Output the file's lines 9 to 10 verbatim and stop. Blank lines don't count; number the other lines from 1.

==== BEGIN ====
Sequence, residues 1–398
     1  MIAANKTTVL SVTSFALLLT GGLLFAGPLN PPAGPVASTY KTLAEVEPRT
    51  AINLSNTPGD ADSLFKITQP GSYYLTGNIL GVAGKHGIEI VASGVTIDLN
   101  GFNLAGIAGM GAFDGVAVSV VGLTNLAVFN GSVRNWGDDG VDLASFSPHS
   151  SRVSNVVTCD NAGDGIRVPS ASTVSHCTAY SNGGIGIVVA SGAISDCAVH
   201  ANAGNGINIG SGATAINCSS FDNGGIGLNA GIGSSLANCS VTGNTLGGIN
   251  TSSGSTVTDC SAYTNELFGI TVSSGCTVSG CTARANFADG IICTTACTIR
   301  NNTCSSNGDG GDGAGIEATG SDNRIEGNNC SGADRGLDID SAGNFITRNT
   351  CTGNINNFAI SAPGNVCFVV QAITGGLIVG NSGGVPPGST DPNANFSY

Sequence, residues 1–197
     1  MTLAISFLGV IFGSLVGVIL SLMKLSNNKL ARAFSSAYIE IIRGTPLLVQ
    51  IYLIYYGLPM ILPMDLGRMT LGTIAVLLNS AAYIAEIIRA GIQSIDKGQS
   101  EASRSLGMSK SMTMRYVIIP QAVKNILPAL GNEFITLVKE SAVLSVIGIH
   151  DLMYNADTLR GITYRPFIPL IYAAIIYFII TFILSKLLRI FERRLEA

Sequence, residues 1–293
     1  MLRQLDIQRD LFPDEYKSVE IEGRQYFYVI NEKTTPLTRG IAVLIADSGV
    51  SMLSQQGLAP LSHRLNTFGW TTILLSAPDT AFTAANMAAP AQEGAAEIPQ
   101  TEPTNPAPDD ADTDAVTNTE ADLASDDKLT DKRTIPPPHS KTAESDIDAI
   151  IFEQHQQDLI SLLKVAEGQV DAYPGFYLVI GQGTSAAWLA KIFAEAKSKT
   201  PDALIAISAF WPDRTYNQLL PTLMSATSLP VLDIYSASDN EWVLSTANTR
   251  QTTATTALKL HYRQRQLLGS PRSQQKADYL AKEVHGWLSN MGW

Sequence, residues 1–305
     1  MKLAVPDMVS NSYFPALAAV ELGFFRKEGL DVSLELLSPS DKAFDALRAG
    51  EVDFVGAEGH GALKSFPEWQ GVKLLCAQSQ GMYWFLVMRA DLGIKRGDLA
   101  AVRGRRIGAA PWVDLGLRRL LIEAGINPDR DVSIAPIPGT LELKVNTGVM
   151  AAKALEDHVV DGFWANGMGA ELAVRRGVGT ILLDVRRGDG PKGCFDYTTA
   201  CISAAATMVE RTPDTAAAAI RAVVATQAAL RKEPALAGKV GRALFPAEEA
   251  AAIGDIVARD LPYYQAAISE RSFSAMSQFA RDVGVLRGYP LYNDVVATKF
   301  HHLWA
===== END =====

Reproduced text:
   351  CTGNINNFAI SAPGNVCFVV QAITGGLIVG NSGGVPPGST DPNANFSY

Sequence, residues 1–197